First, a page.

The Connecticut state legislature will soon vote on a bill that would provide the police departments of three local cities with body cameras.
The bill was first introduced to the state Senate’s Public Safety Committee in January, and it passed last Thursday with a 20–3 consensus to advance the bill to the full legislature. If passed by the Legislature, the bill would enact a yearlong pilot program that would provide three Connecticut police departments with wearable body cameras. The three departments would be selected by Connecticut’s Commissioner for Emergency Services and Public Safety, though the bill requires that one of those participating cities have over 124,000 residents, a stipulation that is met by only three cities in the state: Bridgeport, New Haven and Hartford.
State Sen. Martin Looney, D-New Haven, Hamden and North Haven, introduced the bill to the committee earlier this year. In his testimony before the committee in February, Looney outlined several benefits to such a program.
“There is some evidence that implementation of body cameras can be beneficial both to the police officers wearing them and to the citizens whom they serve,” Looney said.
Looking to garner votes for the bill, Looney cited other American cities that benefited from similar programs. He also referenced a study that found an 88 percent reduction in the number of complaints filed against police officers during the first year of a body camera pilot program in Rialto, California. That study, conducted by the Rialto Police Department, also reported a 60 percent drop in the use of force by law enforcement during the first year of the program.
The bill’s primary purpose is to conduct the proper research in order to later develop effective legislation to standardize the use of body cameras across the state.
Adam Joseph, communications director for the Connecticut Senate Democrats, agreed that Looney’s proposal is an effective path for Connecticut to take in order to ultimately garner a better relationship between citizens and their police forces.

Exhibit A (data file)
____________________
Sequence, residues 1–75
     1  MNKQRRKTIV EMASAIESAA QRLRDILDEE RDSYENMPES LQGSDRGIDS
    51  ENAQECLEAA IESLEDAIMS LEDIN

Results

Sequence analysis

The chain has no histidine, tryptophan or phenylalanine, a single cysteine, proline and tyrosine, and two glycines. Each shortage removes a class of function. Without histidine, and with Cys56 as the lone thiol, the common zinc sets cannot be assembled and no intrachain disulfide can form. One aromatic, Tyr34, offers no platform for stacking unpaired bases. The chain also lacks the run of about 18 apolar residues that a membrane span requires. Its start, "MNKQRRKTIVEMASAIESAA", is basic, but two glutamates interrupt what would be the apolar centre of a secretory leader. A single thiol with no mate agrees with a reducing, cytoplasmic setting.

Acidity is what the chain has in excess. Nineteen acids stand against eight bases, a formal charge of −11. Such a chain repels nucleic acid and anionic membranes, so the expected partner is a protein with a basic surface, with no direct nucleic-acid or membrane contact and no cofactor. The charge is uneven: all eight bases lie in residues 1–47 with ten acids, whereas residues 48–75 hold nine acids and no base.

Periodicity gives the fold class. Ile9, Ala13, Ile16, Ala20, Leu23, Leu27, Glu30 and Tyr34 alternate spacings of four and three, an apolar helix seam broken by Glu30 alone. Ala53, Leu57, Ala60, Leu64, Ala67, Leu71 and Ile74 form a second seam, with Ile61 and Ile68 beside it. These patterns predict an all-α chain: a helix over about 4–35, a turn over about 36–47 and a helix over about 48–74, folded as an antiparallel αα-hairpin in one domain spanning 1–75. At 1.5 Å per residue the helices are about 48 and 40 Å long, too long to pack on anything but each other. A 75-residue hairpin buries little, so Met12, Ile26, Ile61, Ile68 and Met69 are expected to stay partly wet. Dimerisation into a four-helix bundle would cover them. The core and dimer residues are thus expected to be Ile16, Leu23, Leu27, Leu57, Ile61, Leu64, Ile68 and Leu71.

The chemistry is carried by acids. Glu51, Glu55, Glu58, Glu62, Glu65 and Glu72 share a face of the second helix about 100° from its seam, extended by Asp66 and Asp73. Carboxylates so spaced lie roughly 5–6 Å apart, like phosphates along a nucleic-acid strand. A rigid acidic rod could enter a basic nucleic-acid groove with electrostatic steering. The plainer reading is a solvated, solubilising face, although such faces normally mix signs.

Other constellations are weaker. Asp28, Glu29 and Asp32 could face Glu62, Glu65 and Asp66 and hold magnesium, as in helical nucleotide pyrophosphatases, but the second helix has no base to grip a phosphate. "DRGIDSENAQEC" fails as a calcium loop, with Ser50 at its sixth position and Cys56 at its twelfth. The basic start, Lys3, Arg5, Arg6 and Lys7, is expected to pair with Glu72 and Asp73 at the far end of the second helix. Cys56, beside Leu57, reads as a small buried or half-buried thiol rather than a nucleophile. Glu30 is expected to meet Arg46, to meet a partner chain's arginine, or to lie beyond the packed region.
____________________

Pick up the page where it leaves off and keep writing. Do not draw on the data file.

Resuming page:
Looking to emulate cities such as San Diego and Dallas, which have successfully integrated body cameras into their police forces, some Connecticut cities have already attempted to establish similar programs. The Hartford Police Department initially introduced body cameras to their city in 2012, only to run into resistance from the Hartford Police Union, which wished to see further studies on the subject before allowing the program to be implemented, according to Deputy Police Chief Brian Foley.
Although the program does not currently run in the state capital, Foley said he is hopeful that the bill will pass the legislature and eventually become law.
“Of course we support it — statistically it’s a win,” Foley said. “If our community wants it, then that’s what we’ll support.”
The program, strongly supported by Hartford residents and the city council, would help bring body cameras back to Hartford.
East Haven has also recognized the implementation of body cameras as an effective tactic. In a December 2014 press release, the East Haven Police Department stated that body cameras support officer safety and provide video evidence that helps in the prosecution of both traffic violations and criminal offenses.
The body cameras can be worn either on glasses or as an attachment to the police officer’s uniform.